“Petya,” I explained, “we don’t do that.”

“Why not, they’re throwing money away!” He leapt and caught many a coin before it could touch the ground, or before his new parents could corral him back to the hotel, where we made him wash his filthy money in the bathroom sink. He was flabbergasted at our reactions about to the same degree as was I concerning his behavior. The only way we moved him from his money-making spot was to drag the boy from the scene with promises of morozhenoe (ice cream) doing the trick, even on a freezing cold day.  We were hoping to avoid any encounters with the notoriously not-amused Russian police.

Our second son, Pasha, had interests tending toward packaging, whether a cardboard box from the occasional Happy Meal, or wrapping paper from anyone’s birthday presents. None was to be discarded and each found a niche underneath his bed. Which led to his bedroom smelling like hamburgers, and driving the dogs crazy.

Whereas Petya had a hankering for the outdoor collecting (broken tools, computers, and bugs to follow), and Pasha took to packaging, the girls gathered tags and mementos. Mashenka loved anything having to do with new clothes, remembering ratty, rough, and ripped rags from her past. Little did she imagine that in our neck of the woods, we paid designers “many dollars” as she would say, to distress duds of their own design. So she collected tags–whether price tags, or labels indicating the name of the company producing the clothes.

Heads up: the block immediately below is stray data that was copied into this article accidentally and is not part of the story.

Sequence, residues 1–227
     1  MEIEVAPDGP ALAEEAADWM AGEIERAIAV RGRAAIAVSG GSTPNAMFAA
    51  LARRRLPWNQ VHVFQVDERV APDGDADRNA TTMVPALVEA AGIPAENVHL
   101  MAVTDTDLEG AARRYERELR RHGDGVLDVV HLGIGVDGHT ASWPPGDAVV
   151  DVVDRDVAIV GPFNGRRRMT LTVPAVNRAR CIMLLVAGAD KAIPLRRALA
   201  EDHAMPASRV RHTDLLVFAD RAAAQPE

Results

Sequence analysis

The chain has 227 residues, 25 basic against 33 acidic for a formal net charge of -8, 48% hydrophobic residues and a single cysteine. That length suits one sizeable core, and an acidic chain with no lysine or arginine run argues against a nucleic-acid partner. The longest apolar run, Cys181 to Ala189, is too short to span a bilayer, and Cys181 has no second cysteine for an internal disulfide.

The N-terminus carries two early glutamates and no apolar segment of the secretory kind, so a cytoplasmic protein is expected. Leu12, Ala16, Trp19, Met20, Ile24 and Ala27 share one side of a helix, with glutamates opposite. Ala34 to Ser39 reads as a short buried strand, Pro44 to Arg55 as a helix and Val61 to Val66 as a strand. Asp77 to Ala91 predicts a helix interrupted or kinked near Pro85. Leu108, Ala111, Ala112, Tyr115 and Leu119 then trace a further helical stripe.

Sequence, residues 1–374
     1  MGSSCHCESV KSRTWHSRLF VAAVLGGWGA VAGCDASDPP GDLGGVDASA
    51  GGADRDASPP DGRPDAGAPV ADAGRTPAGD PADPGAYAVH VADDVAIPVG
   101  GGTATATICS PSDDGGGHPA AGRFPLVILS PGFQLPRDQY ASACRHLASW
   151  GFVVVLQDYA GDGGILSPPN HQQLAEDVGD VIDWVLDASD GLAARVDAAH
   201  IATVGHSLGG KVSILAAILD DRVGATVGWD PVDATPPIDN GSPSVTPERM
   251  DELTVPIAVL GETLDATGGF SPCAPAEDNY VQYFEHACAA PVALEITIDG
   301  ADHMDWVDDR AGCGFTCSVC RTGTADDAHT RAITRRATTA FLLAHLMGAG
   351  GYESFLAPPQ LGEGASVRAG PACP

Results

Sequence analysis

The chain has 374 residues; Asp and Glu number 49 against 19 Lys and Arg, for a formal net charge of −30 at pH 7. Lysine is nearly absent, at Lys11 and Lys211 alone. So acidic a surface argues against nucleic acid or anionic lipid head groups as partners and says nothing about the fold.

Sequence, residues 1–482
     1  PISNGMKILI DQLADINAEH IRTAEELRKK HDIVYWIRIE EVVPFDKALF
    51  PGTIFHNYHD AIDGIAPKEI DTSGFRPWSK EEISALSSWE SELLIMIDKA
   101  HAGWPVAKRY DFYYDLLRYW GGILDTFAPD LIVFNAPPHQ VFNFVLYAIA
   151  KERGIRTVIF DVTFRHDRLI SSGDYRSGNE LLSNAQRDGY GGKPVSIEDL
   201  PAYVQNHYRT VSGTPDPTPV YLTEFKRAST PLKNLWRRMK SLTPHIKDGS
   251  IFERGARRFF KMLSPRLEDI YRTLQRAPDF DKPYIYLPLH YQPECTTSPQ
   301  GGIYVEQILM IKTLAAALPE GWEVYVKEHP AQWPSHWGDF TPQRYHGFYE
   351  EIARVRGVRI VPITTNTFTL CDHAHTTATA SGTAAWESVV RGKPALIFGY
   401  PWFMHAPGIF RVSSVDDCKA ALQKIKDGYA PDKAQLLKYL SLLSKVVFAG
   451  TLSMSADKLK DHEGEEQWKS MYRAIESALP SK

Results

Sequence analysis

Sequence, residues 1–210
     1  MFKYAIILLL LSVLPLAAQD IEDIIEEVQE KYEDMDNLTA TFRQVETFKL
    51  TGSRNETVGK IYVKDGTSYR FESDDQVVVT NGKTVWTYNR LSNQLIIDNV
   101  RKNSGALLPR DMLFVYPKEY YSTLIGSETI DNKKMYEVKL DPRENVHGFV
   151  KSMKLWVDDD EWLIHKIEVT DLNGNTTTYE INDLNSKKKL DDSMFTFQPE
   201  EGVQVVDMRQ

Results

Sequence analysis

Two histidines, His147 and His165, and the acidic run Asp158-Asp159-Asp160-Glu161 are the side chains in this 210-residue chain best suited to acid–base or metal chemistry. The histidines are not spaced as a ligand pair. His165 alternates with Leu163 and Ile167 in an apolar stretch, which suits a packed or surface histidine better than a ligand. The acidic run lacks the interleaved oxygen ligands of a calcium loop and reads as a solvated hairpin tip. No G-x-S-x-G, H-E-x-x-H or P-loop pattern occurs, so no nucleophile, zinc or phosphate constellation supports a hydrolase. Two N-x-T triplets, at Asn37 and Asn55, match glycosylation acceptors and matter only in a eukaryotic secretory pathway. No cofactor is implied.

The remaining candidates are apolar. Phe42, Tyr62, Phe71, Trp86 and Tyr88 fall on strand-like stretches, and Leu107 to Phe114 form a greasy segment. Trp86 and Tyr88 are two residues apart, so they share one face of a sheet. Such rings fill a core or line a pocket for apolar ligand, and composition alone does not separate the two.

The young girl collected them with a passion, so much the better if a hip person’s face graced the valuable ticket-! I found the tags stuffed and stored here and there around her room, and felt free to abscond with them after six months or so of being stuffed in an odd corner of her closet. Perhaps she was keeping a running total for the Russkies of just how much her rich parents would spend on an orphan (12.99 + 4.98 + 15.97…), in order to justify jacking up their own facilitation fees at a future date.

Sashenka had her own tastes which tended to hoarding napkins, paper plates, and paper cups from birthday parties, and visits to any geographic or historic location offering souvenirs. For her, it was truly to remember the moment, reveling in a special time, and reliving it again and again in her mind. She had never celebrated one birthday before she did with us at age nine, so it was understandable in a way.

Hopefully, the children will not grow up to become trash collectors or rag pickers. Instead, it’s not a far stretch of the imagination to envision Petya as an environmental watchdog, Pasha working in industrial design, Mashenka giving herself to marketing of some sort, and Sashenka as our very own special events and party planner. There’s treasure in that trash, after all.